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Li, Deyu (2003) VIBROACOUSTIC BEHAVIOR AND NOISE CONTROL STUDIES OFADVANCED COMPOSITE STRUCTURES. Doctoral Dissertation, University of Pittsburgh. (Unpublished)

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The research presented in this thesis is devoted to the problems of sound transmission and noise transmission control for advanced composite payload fairings. There are two advanced composite fairings under study. The first is a tapered, cylindrical advanced grid-stiffened composite fairing, and the second is a cylindrical ChamberCore composite fairing. A fully coupled mathematical model for characterizing noise transmission into a finite elastic cylindrical structure with application to the ChamberCore fairing is developed. It combines advantages of wave radiation principles and structural-acoustic modal interaction, and provides an ideal noise transmission model that can be extended to other finite cylindrical structures. Structural-acoustic dynamic parameters of the two fairings are obtained using a combination of numerical, analytical, and experimental approaches. An in-situ method for experimentally characterizing sound transmission into the fairings called noise reduction spectrum (NRS) is developed based on noise reduction. The regions of interest in the NRS curves are identified and verified during a passive control investigation, where various fill materials are added into wall-chambers of the ChamberCore fairing. Both Helmholtz resonators (HRs) and long T-shaped acoustic resonators (ARs) are also used to successfully control noise transmission into the ChamberCore fairing. In the process, an accurate model for the resonant frequency calculation and design of cylindrical HRs is derived. Further, a novel and more general model for the design of multi-modal, long, T-shaped ARs is developed, including three new end-correction equations that are validated experimentally. The control results show that noise attenuation is significant in the controlled modes, and the control is also observed in some modes that are not targeted, due to acoustic modal coupling via the structure. Helmholtz resonators are found to produce between 2.0 and 7.7 dB increase in NRS in the targeted cavity modes while ARs produced 4.7 to 5.3 dB of control. Relative positioning between the matched resonators is heuristically optimized experimentally, and demonstrates that spacing should be maximized for best performance. Once the feasibility and optimization of resonator control were established, six integral acoustic resonators are fabricated directly into the wall-chambers of the ChamberCore structure. Performance is found to be as well as for the non-integrated resonators.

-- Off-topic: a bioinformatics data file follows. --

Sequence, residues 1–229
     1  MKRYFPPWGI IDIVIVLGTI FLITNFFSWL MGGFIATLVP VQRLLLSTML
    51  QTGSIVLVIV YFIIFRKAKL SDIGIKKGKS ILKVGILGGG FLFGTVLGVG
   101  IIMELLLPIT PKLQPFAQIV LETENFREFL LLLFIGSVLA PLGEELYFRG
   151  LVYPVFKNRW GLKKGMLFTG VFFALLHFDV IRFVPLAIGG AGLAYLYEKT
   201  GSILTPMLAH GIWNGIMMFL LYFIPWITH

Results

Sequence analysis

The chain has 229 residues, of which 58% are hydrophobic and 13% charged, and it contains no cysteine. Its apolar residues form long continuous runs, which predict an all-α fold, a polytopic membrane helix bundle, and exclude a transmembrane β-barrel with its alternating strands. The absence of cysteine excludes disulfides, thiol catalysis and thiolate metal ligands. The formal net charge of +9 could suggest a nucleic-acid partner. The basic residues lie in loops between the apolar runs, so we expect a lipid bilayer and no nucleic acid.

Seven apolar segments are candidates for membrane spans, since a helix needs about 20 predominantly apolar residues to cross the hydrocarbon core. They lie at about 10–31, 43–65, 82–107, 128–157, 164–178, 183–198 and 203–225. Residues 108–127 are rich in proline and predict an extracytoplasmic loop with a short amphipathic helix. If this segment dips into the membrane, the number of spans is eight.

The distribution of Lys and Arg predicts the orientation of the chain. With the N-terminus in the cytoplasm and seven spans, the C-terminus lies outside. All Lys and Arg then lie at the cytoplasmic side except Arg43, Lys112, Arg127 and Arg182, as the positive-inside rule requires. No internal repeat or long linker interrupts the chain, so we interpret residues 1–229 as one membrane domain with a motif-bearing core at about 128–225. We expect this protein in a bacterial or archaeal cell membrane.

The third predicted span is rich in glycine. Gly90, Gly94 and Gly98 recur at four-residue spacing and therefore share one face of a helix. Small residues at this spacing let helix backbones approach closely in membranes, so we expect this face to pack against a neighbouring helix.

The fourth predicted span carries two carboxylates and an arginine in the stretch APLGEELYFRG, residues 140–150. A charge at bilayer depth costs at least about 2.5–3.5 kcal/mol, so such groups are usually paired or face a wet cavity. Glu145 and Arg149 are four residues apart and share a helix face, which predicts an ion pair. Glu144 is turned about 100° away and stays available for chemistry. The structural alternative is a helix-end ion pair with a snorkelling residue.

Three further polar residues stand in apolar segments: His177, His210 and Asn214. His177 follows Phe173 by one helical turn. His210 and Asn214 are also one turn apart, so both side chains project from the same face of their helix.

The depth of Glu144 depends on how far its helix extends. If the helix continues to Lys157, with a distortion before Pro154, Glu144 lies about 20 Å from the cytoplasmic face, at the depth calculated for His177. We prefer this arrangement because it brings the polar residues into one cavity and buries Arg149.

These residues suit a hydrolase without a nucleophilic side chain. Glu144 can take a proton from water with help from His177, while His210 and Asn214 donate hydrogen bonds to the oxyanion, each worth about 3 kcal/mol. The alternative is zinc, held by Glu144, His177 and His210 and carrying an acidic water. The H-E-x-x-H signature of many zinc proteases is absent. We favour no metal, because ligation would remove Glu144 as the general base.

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Item Type: University of Pittsburgh ETD
Status: Unpublished
CreatorsEmailPitt UsernameORCID
ETD Committee:
TitleMemberEmail AddressPitt UsernameORCID
Committee ChairVipperman, Jeffrey Sjsv@pitt.eduJSV
Committee CoChairLane, Steven
Committee MemberOnipede,
Committee MemberSimaan, Marwan Asimaan@engr.pitt.eduSIMAAN
Committee MemberWang,
Committee MemberClark, William
Date: 3 September 2003
Date Type: Completion
Defense Date: 16 July 2003
Approval Date: 3 September 2003
Submission Date: 7 August 2003
Access Restriction: No restriction; Release the ETD for access worldwide immediately.
Institution: University of Pittsburgh
Schools and Programs: Swanson School of Engineering > Mechanical Engineering
Degree: PhD - Doctor of Philosophy
Thesis Type: Doctoral Dissertation
Refereed: Yes
Uncontrolled Keywords: acoustics; composite structure; cylindrical shell; modal identification; payload fairing; noise control; vibration
Other ID:, etd-08072003-065216
Date Deposited: 10 Nov 2011 19:57
Last Modified: 15 Nov 2016 13:48


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